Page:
This explanation may not speak to us in the modern era, when our lives are usually secure due to human efforts, and religion typically seems more like a worthwhile choice than an unavoidable obligation. In the ancient world, though, I suspect this explanation would have sounded a lot stronger.

2) Another possible reason is to maintain unity within the Jewish people. The people of Shechem would be tempted to look down at the rest of the nation as upstarts and ex-slaves, less honorable and with less connection to the Land of Israel than themselves. In turn, they would be attacked for not having "really" accepted the Torah from God, which is to say in a miraculous event at Sinai, and because they were not even genetically descended from Avraham. Given the extreme factionalism which was present throughout much of the Biblical period, it is clear that Tanach would not want to immortalize further internal distinctions by unnecessarily recording them in the text.

In the old city

There was the ring of church bells, but God was not in the church bells.
There was then a muezzin call from one of the mosques, but God was not in the muezzin call.
Then there was the still small voice of Jews saying shemoneh esreh at the Kotel.

Thursday, November 16, 2006

Anonymity II

What implications, if any, does the merging of Blogspot and Google-ID usernames have for anonymity of blogs?

Wednesday, November 15, 2006

Israel's leading technological university, right...

My university officially has the worst wireless network in the world. Here are some of the issues I have had. NOT ranked from most to least frustrating.

Sometimes the wireless signal just doesn't show up.

Sometimes the signal shows up and you can connect, but the network auto-disconnects you about once a second. Thus raising your hopes and then dashing them.

Sometimes it looks like you're connected, but you can't actually reach any sites. This state tends to come and go every once in a while, especially when you're doing important work.

Some internet sites take an unreasonably long time to load, even compared to the usual sluggishness of all sites, for no clear reason.

Some sites can NEVER be reached. This includes the information and help sites for the wireless network. (You can consistently access these sites from elsewhere.) There is clearly no ulterior motive here, none whatsoever.

Sometimes when you try to go to a site which can never be reached, it will automatically trigger ALL sites on the internet to become unreachable. This has happened enough that I'm convinced we are not talking about random network outages, which of course do occur, but rather about some deep linkage between network status and where you try to go.

Sometimes you type in an address and press return and you are taken not to the site you requested, but to some random computer gibberish site of unknown origin.

EVERY SINGLE TIME that you try to send an email, attach a file, or upload a file by the network connection hangs. That's right, it's impossible to send an email using wireless, even when all the above errors are avoided.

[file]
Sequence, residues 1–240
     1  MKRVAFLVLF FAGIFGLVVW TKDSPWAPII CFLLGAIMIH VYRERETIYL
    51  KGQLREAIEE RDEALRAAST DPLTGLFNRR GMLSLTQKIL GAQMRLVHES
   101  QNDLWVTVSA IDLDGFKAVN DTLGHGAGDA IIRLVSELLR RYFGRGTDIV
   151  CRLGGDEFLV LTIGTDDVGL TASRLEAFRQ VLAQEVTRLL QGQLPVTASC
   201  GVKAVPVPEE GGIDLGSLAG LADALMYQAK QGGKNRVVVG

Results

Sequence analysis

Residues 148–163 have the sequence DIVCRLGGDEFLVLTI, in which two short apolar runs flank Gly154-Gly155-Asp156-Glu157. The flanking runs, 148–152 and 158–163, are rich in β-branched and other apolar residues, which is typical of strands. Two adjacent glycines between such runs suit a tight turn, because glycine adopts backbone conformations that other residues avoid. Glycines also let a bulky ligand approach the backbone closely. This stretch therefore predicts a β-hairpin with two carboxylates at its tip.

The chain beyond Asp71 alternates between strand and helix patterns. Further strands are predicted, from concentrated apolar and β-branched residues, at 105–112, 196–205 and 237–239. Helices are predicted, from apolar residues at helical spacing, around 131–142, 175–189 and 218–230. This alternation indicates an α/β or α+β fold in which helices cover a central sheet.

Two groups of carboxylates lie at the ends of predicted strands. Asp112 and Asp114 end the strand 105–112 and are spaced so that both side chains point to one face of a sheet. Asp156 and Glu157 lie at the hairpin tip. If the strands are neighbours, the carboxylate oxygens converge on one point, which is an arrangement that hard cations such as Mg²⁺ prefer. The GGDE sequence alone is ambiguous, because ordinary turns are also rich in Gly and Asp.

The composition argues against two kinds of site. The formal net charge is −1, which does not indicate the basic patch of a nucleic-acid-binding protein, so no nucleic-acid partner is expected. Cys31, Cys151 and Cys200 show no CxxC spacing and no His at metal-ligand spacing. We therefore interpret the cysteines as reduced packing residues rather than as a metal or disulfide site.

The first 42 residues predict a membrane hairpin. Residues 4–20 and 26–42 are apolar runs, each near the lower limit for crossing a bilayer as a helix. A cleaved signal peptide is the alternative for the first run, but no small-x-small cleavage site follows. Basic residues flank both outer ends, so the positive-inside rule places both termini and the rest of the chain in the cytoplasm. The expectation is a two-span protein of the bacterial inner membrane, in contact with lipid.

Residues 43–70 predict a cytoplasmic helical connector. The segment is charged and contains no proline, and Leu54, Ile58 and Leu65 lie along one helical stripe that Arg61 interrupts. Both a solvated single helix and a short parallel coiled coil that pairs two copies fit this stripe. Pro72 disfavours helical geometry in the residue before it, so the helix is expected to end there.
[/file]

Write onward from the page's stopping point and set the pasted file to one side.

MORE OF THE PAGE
I'm normally a pretty patient person. At which point in the above list of errors (all but one of which I have encountered in the last 5 hours) do I have the right to get annoyed?

Anonymity policy

To make it official: I don't really intend for this blog to be anonymous. I've mentioned enough personal details that a careful reader could probably piece together a lot of my biography, and figure out who it is. I do intend for it to be ungooglable. Thus I avoid identifying names, and in the rare instance that someone would write a comment using identifying info, I'd delete that too.

Monday, November 13, 2006

I couldn't have said it better

It really bugged me

"Another approach to dealing with insects in lettuce is to grow them insect-free. This has indeed been accomplished by some companies in Israel... However... they could not prevent certain flying insects from landing on the crop after it was harvested. Fortunately, however, these flies are easily noticeable and wash off readily with a simple water rinse, and customers are therefore admonished to rinse these products before use. To ensure that this directive is heeded, the lettuce is sprayed with “clean” sand prior to packaging – making then virtually inedible without compliance!" (source)

And I was wondering why the insect-free lettuce here has so much "dirt" on it. It looked like a scam - charge exorbitant prices for a low-quality product that they don't even bother to clean properly. And in fact it was merely a clever trick to make sure that what we ate was in fact kosher. Perhaps the kashrut situation in Israel is not quite as dysfunctional (relative to the US) as it seems.

Sunday, November 12, 2006

Hadash assur min haKuran

...or something ridiculous like that.

Saturday, November 11, 2006


Scary what you find. Scary, in a totally different way, that you are allowed to find it.

Thursday, November 09, 2006

Somehow I knew Missouri would be at the top

Though I'm disappointed that St. Louis is only number 51.

As they say, if you don't like the weather, wait a few hours.

Wednesday, November 08, 2006

Did you realize

If Oedipus had been an Amalekite convert to Judaism, then he would have been allowed to marry his mother, and commanded to kill his father?

Thoughts on Vayera